Seehofer, whose push for tighter border controls nearly toppled Chancellor Angela Merkel's coalition government last month, said he wanted to have “clarity” in coming days about whether an agreement could be struck.
“The talks are proceeding in a good climate,” Seehofer told public broadcaster ARD.
“But in the end, the heads of government may have to talk with each other again because of the complexity” of the matter, he added.
Bilateral deals with European Union countries are central to a compromise Merkel reached with Seehofer to end their spat over immigration.
The row was triggered when Seehofer, who heads Merkel's more traditional CSU sister party, threatened to turn back migrants at Germany's borders if they had already made asylum requests in other EU countries.
Fearing the domino-effect such unilateral action would unleash, Merkel instead pushed for a wider European Union response that includes migrant return deals with frontline states like Greece and Italy.
Little concrete progress has been made since a crunch EU summit in July however and Seehofer has threatened to press on with his plans if no bilateral agreements are in place by early August – piling pressure on Merkel.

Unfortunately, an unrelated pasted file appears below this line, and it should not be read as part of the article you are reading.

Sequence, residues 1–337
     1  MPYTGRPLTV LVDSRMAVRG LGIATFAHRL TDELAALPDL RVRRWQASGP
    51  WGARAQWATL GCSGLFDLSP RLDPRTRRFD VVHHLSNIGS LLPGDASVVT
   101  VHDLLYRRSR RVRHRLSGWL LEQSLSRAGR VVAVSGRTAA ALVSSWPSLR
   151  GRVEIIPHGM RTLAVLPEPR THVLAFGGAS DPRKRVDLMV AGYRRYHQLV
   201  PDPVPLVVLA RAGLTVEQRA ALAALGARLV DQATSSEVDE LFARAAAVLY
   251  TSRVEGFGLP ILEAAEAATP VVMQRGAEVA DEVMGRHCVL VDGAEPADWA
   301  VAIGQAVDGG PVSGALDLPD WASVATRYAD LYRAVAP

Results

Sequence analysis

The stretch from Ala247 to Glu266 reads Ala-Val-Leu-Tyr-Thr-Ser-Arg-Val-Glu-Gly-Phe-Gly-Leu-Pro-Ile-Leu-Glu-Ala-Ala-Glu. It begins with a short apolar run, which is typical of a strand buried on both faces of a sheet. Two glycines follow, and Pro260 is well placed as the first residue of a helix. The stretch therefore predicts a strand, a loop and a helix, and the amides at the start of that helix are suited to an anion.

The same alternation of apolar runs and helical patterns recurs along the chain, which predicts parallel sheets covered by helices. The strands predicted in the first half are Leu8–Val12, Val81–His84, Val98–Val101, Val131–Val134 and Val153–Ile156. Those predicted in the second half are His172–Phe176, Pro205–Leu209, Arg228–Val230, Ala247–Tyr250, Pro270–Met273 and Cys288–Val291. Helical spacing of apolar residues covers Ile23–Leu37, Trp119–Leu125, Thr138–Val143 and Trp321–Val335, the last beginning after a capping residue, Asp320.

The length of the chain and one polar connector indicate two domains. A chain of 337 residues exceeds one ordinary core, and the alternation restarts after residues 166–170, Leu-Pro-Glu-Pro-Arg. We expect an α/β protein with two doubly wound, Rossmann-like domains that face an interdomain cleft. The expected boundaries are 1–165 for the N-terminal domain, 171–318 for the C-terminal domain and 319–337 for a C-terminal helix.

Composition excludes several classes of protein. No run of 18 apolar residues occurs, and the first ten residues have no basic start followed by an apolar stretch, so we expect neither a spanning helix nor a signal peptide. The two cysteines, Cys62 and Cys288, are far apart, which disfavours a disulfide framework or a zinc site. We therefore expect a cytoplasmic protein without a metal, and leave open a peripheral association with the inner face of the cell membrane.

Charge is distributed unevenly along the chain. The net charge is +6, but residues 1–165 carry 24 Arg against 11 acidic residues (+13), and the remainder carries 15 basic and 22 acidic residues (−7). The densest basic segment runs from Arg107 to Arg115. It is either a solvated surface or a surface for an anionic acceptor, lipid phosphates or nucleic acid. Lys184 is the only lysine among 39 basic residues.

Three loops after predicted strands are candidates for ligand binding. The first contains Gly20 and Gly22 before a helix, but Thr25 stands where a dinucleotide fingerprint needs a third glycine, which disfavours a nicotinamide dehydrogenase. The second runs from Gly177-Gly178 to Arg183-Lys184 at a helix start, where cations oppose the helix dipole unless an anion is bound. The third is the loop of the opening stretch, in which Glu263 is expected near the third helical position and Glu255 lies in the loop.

While Greece has signalled a willingness to take back some migrants, Italy's right-wing government is more resistant.
Italian Interior Minister Matteo Salvini, the leader of the far-right League party, has said his country expects to see more action to toughen the EU's external frontiers before agreeing to any migrant return deal.
Greece and Italy, who have borne the brunt of migrant arrivals in recent years, are also insisting that in return for taking back certain asylum-seekers, Germany should take in others.
But Seehofer stressed that the number of returns must not outweigh the number of new migrants taken in.
“We can't sign up to that, the German people wouldn't understand if we took in more refugees than we sent back,” he told ARD.
Former Bavarian premier Seehofer has long been one of the fiercest critics of Merkel's decision to open the country's borders to those fleeing conflict, persecution and poverty at the height of the migrant crisis in 2015.
Germany has since taken in over a million asylum-seekers, fuelling the rise of the far-right, anti-immigrant Alternative for Germany (AfD) party.